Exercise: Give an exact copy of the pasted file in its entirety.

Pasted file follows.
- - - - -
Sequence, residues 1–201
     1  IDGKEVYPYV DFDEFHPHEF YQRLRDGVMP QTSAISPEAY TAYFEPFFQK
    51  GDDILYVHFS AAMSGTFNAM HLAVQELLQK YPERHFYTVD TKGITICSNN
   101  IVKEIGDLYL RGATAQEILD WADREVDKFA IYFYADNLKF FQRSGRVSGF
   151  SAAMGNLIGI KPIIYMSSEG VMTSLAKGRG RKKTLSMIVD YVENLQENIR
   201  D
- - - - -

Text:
Sequence, residues 1–201
     1  IDGKEVYPYV DFDEFHPHEF YQRLRDGVMP QTSAISPEAY TAYFEPFFQK
    51  GDDILYVHFS AAMSGTFNAM HLAVQELLQK YPERHFYTVD TKGITICSNN
   101  IVKEIGDLYL RGATAQEILD WADREVDKFA IYFYADNLKF FQRSGRVSGF
   151  SAAMGNLIGI KPIIYMSSEG VMTSLAKGRG RKKTLSMIVD YVENLQENIR
   201  D